If you have fair skin, spend a lot of time outdoors, or have a family history of melanoma, it’s crucial that you remember an annual skin cancer screening. For most people, monitoring their skin through at-home self-exams is enough to monitor for skin cancer. However, anyone with an increased risk of skin cancer should get checked annually by a qualified dermatologist like Dr. Krant, because skin cancer is often easy to treat and cure when it’s caught early. Here is what you can expect from your skin cancer screening, with Dr. Krant.
Before Your Screening
A skin cancer screening is performed by a dermatologist. Prior to your screening at Art of Dermatology, you should examine yourself so you can let Dr. Krant know of anything that looks unusual. Use a full-length mirror or handheld mirror to check all over your skin, including areas you wouldn’t consider. Keep note of moles or growths that are new, have changed over time, bleed, or itch.
What to Expect from a Skin Cancer Full Body Exam
A skin cancer screening usually takes around 10 minutes or more if the doctor sees any moles that look suspicious. Before the exam, you will have to remove your clothing and wear a medical gown. Dr. Krant will ask if you have any moles you’re concerned about and then proceed with the examination. Every inch of your body will be thoroughly looked over, even between your toes and the bottoms of your feet.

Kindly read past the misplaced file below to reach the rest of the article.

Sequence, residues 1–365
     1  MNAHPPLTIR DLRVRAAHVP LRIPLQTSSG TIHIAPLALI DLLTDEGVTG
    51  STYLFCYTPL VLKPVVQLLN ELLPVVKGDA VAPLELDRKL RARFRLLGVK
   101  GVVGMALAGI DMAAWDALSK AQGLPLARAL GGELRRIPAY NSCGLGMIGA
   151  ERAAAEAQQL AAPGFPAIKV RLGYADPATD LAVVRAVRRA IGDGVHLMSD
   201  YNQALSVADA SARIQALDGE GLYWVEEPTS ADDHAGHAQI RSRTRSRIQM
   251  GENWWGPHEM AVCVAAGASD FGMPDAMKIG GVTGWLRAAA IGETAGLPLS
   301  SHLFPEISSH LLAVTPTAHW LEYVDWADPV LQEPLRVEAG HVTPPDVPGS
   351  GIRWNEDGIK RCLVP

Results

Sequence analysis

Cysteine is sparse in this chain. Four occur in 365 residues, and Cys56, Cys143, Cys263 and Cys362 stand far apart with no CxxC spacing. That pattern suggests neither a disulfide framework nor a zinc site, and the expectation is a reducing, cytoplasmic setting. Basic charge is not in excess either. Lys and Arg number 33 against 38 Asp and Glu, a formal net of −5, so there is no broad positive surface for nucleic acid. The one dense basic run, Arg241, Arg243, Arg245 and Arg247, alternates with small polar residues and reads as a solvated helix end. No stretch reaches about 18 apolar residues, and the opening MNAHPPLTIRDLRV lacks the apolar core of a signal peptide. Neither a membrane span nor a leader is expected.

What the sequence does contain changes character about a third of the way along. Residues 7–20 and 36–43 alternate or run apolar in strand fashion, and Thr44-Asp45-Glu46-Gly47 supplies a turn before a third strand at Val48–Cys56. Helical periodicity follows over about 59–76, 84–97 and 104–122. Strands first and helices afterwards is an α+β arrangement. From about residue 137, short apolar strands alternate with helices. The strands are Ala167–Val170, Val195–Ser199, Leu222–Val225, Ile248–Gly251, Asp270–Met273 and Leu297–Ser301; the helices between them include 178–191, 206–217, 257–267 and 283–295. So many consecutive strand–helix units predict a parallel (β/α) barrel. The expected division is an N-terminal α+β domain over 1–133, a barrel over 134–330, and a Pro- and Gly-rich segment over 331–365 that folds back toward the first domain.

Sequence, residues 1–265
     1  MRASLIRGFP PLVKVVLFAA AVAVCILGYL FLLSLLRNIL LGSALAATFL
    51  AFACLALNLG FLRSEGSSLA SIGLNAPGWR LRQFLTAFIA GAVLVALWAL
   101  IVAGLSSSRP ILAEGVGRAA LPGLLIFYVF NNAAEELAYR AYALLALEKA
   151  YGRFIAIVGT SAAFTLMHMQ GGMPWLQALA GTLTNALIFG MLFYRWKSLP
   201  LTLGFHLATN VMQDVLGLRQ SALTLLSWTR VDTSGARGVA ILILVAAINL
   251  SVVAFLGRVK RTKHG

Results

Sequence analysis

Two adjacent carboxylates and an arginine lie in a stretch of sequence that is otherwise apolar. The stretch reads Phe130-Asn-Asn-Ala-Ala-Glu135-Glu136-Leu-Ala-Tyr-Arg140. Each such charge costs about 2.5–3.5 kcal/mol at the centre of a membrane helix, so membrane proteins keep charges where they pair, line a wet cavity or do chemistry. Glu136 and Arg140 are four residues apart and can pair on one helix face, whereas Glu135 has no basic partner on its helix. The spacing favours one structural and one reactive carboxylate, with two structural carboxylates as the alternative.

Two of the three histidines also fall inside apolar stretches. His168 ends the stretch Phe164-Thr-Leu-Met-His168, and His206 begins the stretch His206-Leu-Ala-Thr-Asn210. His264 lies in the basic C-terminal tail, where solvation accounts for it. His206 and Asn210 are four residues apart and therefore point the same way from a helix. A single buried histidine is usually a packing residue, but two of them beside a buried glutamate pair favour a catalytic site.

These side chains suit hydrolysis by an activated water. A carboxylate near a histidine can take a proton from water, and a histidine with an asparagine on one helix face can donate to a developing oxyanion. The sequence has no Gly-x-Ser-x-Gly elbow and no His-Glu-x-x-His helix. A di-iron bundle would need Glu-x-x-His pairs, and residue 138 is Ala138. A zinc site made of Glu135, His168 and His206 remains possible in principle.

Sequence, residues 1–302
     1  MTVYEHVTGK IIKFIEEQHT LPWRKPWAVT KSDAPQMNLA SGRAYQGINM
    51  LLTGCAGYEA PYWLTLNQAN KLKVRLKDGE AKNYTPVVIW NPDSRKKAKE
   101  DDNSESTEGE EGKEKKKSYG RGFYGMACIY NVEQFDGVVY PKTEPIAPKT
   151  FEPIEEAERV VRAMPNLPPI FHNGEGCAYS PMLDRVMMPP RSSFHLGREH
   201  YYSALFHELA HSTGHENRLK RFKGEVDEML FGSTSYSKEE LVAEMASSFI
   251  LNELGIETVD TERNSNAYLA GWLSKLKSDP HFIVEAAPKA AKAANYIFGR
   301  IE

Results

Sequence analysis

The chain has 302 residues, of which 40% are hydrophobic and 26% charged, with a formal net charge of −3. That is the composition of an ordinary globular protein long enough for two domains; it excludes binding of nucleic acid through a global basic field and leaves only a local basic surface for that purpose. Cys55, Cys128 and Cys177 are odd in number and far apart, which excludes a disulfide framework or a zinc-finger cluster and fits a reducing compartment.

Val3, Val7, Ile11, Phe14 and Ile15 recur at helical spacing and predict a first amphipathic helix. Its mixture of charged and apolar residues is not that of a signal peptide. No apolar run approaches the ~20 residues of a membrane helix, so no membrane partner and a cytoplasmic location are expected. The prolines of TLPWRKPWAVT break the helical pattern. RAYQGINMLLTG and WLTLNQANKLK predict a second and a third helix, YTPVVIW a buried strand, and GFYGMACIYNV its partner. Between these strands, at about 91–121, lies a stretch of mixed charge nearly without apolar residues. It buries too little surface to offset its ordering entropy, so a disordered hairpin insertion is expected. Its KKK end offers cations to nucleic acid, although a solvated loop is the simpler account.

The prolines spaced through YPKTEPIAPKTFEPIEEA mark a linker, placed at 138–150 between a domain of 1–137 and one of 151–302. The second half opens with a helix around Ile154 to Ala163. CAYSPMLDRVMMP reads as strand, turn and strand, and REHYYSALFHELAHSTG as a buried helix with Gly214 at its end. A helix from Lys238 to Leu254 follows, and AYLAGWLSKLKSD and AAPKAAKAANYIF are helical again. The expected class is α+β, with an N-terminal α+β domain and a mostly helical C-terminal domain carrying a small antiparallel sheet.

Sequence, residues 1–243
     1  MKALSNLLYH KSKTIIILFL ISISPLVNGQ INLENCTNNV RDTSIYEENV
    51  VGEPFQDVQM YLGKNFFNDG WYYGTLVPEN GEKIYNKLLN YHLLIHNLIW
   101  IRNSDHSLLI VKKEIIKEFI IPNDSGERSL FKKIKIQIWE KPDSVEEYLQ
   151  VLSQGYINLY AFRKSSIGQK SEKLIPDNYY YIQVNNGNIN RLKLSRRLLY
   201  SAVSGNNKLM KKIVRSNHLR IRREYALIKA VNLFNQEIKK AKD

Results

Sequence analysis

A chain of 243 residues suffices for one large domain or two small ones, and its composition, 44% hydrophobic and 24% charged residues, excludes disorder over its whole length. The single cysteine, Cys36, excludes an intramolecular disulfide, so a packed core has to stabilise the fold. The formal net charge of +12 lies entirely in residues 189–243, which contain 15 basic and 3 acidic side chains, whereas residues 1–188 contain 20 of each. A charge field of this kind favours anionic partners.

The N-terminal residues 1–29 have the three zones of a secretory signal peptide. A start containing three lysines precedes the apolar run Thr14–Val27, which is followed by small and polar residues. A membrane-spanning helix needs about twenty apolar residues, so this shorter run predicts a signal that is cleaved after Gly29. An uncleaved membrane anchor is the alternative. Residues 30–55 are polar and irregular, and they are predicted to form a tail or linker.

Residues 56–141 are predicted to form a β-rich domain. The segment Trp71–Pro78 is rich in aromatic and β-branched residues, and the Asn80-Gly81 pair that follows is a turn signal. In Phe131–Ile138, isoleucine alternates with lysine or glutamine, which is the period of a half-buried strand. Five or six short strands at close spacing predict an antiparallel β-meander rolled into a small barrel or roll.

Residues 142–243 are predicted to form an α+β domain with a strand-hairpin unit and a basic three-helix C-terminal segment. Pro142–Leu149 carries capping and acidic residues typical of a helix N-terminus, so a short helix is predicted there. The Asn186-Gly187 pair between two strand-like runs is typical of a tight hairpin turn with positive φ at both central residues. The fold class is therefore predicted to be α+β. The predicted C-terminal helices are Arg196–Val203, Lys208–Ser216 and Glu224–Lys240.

What Does the Doctor Look For?
Skin cancer screenings are performed while checking the ABCDEs of moles to see if there are any signs of skin cancer. The ABCDEs include the following:
• Asymmetry: Moles that are not the same shape on either side
• Border irregularity: Moles that have ragged or blurred edges
• Color: Moles with varying shades of brown or black
• Diameter: Moles that are larger than one-quarter of an inch
• Evolving: Moles that change over time
Dr. Krant will also check for skin changes known as actinic keratosis. This is caused by damage from the sun that can become cancerous if it’s not treated.
While Dr. Krant can visually examine your body to find moles that may be cancer, this isn’t a definitive way to ensure that you have it. A biopsy must be performed. If you have a mole the doctor suspects may be a problem, you will receive a shot to numb the area and scrape off as much of the mole as possible to send it off for testing in a lab.
If the biopsy turns up positive for cancer, Dr. Krant will walk you through the next steps you should take and the appropriate treatment for your personal situation. Because determining skin cancer is often complex, you will want to consult your primary care physician as well.
Who is at Greater Risk for Skin Cancer?
Certain people are at greater risk for skin cancer. These people should get an annual skin cancer screening. Higher risk groups include the following:
• Blond or red hair, fair skin, freckles and blue or light-colored eyes
• Having more than 50 moles
• History of a lot of sun exposure
• One or more bad, blistering sunburns
• Family history of melanoma
• Personal history of basal cell or squamous cell skin cancer
Schedule a Consultation
Dr. Jessica Krant wants you to love the skin you’re in, and that means being on top of caring for your skin. If you live in New York and want to get a skin cancer screening, contact Art of Dermatology by filling out our contact form.
Leave A Comment